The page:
On July 28, WHO in the African Region joins the global community in commemorating World Hepatitis Day 2019.
Despite the availability of diagnostic tools and effective treatment, less than one in 10 of the 71 million people with hepatitis B or C in Africa have access to testing and more than 200 000 die each year due to complications like end-stage liver cirrhosis and liver cancer.
The theme this year, Invest in Eliminating Hepatitis, is a timely reminder that this disease can be eliminated by 2030 with adequate resources and strong political commitment.
In June, the World Health Organization developed the first hepatitis scorecard to track progress across the Region. The scorecard shows that:
- the highest burden of hepatitis B infection in children under five years is seen in countries without hepatitis B birth-dose vaccination in combination with suboptimal coverage (under 90%) of the childhood pentavalent vaccine; and
- testing and treatment as a public health approach remains the most neglected aspect of the response.
Funding hepatitis testing and treatment services as part of universal health coverage is a cost-effective investment. WHO commends Rwanda and Uganda for providing free access to hepatitis testing and treatment.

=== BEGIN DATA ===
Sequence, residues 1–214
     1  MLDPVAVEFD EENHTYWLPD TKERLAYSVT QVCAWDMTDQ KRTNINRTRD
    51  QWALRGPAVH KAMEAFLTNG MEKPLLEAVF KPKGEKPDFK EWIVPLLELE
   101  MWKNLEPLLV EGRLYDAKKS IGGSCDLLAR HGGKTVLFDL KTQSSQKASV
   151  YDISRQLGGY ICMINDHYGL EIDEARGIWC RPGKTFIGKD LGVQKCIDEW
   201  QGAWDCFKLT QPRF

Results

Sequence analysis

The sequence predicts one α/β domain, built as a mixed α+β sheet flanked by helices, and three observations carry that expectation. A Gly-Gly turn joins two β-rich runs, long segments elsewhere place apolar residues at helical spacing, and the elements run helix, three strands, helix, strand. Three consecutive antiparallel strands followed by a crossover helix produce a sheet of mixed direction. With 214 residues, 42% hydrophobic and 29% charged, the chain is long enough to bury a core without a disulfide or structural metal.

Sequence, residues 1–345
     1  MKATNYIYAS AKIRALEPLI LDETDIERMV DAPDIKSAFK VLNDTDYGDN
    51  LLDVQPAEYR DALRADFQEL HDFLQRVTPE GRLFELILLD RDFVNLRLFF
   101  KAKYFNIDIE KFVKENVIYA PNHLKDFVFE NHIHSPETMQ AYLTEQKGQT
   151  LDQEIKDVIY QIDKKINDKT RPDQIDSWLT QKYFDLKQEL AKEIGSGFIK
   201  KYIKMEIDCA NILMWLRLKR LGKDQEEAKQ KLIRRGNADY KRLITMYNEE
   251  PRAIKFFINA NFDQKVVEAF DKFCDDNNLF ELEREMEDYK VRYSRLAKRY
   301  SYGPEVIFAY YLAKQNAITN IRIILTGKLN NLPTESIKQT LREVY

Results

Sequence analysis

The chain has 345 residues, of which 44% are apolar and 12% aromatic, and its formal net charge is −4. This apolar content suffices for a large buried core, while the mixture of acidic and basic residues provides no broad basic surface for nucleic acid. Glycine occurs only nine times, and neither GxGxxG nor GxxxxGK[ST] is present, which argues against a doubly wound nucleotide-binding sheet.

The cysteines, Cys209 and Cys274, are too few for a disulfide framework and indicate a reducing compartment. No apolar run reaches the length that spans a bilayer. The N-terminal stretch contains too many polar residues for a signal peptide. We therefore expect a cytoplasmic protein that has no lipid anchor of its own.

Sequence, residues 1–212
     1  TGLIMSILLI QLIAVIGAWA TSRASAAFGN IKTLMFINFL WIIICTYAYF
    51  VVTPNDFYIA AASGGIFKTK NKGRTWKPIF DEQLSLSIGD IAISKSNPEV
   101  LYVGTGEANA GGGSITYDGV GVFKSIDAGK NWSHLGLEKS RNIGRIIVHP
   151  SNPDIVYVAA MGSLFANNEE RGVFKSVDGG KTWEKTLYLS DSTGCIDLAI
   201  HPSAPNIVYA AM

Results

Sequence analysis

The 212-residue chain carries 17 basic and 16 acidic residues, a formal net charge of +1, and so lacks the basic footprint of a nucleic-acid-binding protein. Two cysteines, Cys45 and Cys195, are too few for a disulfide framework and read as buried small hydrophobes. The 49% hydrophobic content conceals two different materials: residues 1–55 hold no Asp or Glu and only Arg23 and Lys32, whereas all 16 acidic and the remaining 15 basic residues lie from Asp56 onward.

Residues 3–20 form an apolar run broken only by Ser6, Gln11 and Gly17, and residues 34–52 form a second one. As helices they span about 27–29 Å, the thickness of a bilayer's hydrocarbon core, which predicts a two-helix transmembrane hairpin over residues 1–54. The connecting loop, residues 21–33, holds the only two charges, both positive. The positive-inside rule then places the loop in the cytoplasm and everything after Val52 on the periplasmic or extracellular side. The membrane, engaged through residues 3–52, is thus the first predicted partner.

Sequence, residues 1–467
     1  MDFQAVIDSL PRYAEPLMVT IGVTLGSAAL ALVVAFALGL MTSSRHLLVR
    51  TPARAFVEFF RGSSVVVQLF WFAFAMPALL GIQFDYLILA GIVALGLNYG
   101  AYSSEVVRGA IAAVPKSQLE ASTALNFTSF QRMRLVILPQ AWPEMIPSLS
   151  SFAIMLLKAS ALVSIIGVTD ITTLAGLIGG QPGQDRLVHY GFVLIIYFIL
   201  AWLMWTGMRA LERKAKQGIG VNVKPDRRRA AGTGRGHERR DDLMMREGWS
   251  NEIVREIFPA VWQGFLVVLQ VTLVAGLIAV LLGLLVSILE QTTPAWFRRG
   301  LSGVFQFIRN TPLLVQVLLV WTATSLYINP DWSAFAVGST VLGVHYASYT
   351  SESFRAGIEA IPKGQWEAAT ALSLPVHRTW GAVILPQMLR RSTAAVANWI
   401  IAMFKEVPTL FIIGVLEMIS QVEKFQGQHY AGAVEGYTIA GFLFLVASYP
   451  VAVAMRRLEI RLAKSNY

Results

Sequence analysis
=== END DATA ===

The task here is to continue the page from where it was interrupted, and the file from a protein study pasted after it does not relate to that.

Today, I call on Member States to invest in a public health approach towards elimination of viral hepatitis B and C in Africa. Countries should invest in hepatitis B vaccination for all newborns and integrate hepatitis interventions as part of health system strengthening. This includes building on existing laboratory capacities for HIV and TB, embedding hepatitis surveillance in the national health information system, and securing supplies of affordable medicines and diagnostics.
WHO commends Gavi, the Vaccine Alliance for supporting hepatitis B birth-dose vaccination and the Global Fund for providing hepatitis C care for people receiving HIV therapy.
We salute Egypt for the recent proposal to support hepatitis testing and treatment for one million people across 14 African countries.
I call on partners and pharmaceutical companies to reduce the cost of hepatitis B and C diagnostics and medicines. Together with the research community, we can collectively explore ways to simplify testing and treatment, and promote innovation towards a cure for hepatitis B and a vaccine for hepatitis C.
In addition to governments and partner efforts, civil society and people living with viral hepatitis should continue playing a central role in raising community and political awareness.
WHO will continue to support collaboration across Member States – last month the African Hepatitis Summit in Kampala, Uganda was attended by more than 600 people from 32 countries.
In the words of the “African Hepatitis Song” launched at the Summit, “let’s all unite and invest to win this war on viral hepatitis, let’s sensitize all the people and let all play our unique roles”. This is what is needed to reach the goal of elimination of viral hepatitis by 2030.